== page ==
When Roger died in 1101, he was succeeded by his son, who was also a great diplomat and very intelligent. Like his father, Roger II was also very religious and founded a number of amazing cathedrals in Sicily. The picture below shows the cathedral of Cefalù, which according to a legend was built after a promise Roger gave to God when he sank on a ship trip from Naples to Palermo in a storm and was washed up on the beach at Cefalù.

Whether he was in Naples to negotiate the annexation of southern Italy to Sicily remains to be seen; but during his reign the two territories were united into the Kingdom of Sicily – later called the Kingdom of the Two Sicilies.
Roger II was succeeded by Giuglielmo I – called the Cruel – and then Giuglielmo II – the Good.

A legend tells that Giuglielmo II fell asleep under a tree during a hunt. In a dream vision, the Virgin Mary asked him to build a church on the site. He did as required, which led to the construction of the Cathedral of Monreale outside Palermo.

Giuglielmo II’s only son died in 1188, a year before the father, who thereby died without a descendant to hand over power to. The harmonious period under the Normans thus lasted only about a hundred years, from 1091 to 1194. After some complications, the kingdom passed to Giuglielmo II’s aunt, Costanza of Sicily, and her husband, Henry VI of Germany, nephew of the famous Frederik Barbarossa (Red beard).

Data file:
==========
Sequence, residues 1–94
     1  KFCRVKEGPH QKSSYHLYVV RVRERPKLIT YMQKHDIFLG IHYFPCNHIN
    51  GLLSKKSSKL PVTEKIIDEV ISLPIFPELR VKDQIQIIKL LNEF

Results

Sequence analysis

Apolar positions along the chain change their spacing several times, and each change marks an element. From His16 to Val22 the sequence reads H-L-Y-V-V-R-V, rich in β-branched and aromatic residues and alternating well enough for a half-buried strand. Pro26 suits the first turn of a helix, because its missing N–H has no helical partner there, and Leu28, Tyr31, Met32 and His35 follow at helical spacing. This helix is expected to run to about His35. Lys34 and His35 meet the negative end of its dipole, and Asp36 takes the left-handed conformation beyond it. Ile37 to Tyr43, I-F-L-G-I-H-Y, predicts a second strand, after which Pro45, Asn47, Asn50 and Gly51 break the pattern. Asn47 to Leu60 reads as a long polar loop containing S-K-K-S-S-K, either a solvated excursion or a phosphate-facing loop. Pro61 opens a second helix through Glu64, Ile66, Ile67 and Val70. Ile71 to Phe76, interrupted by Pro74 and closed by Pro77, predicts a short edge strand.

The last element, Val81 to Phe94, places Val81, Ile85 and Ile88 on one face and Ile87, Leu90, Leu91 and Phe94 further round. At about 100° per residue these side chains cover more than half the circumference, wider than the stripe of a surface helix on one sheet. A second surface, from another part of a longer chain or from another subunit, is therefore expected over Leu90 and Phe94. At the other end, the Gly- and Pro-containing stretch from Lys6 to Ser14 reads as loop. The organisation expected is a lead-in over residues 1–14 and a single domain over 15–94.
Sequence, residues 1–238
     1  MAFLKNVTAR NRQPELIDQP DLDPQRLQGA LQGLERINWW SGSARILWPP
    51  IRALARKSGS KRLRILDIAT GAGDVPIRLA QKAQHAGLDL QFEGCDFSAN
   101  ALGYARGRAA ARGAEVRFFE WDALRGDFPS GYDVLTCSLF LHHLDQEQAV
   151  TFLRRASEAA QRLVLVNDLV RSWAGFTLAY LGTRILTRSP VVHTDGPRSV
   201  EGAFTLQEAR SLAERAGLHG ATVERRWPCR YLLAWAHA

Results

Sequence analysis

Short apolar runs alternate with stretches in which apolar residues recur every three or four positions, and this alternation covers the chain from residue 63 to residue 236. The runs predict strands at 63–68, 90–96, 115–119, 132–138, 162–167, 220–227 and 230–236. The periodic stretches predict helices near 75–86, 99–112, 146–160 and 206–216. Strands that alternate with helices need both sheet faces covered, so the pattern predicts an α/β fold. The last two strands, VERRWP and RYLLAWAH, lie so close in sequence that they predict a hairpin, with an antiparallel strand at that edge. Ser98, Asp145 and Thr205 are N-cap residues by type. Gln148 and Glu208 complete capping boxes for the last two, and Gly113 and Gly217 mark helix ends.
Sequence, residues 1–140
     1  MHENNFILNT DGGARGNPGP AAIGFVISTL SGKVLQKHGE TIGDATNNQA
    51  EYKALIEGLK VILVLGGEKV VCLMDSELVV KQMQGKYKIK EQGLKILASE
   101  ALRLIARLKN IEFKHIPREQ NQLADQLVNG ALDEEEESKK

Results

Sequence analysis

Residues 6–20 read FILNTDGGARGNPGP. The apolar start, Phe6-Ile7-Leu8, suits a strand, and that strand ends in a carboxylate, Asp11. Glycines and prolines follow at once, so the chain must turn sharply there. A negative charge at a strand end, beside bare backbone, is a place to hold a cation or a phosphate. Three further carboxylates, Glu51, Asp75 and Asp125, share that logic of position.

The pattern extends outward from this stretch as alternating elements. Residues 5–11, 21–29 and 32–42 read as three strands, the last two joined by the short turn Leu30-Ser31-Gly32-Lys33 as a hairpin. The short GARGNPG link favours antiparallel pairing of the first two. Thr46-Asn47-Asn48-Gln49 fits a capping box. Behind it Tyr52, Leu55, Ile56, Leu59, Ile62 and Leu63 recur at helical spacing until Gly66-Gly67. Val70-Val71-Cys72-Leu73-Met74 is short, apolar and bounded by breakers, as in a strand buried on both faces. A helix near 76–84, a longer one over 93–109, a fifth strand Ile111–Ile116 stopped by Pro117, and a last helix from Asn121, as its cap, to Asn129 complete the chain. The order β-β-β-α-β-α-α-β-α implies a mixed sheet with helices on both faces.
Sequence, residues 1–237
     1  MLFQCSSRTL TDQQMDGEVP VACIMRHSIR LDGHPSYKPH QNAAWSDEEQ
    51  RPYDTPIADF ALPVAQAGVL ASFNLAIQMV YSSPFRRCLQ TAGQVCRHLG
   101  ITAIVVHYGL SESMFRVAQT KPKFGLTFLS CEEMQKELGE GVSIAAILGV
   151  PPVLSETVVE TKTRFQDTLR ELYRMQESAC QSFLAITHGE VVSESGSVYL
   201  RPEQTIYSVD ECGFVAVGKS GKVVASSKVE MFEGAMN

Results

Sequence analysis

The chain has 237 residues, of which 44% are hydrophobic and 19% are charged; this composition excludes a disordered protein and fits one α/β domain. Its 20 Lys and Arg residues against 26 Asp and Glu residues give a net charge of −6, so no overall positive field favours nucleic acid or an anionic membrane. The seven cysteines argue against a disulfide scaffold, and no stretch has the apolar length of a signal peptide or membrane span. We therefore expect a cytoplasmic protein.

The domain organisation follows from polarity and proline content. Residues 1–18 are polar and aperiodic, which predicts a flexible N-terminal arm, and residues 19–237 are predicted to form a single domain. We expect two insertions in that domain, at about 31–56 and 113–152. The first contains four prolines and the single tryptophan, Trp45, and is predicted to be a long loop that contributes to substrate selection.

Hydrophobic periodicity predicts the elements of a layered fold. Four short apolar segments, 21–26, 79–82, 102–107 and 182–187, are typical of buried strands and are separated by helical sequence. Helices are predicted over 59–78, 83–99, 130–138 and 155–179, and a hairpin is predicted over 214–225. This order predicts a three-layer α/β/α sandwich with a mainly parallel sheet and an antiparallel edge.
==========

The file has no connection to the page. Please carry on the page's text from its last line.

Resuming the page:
Under Henry VI, Sicily became part of the Holy Roman Empire by the German Nation, in Danish usually called the German-Roman Empire. There followed some years of much terror. It was no sorrow that Henry VI died already after three years, and Costanza died the following year. Their son, who was only four years old, got the Pope of Rome to tutor. The boy grew up in Palermo, and in 1220 he was crowned Frederick II, Emperor of the German-Roman Empire and King of Sicily. He introduced a strict tax system that brought a lot of money into his own pockets. These were i.a. used to build castles around the island. We find the remains of one in Cefalù. Now it is a ruin; but with its fantastic location it is still worth a visit. The castle in Enna is also his work. This too has a well-chosen location right next to one of the Greek religious sites.

The time under Frederick II was a relatively good period for Sicily; but when he died in 1250, a period of decline began. Frederik had had numerous confrontations with the pope, and when Frederik’s son was to be crowned, the pope betrayed him and took advantage of the situation to appoint Carlo d’Angiò, a brother of the French king, instead. Carlo took up residence in Naples and allowed cruel officials to rule in Sicily. As a result of the abuse, a spontaneous uprising arose in 1282, which has gone down in Sicilian history as The Sicilian Vespers, today probably best known from Giuseppe Verdi’s opera about the uprising.

History of Sicily Part II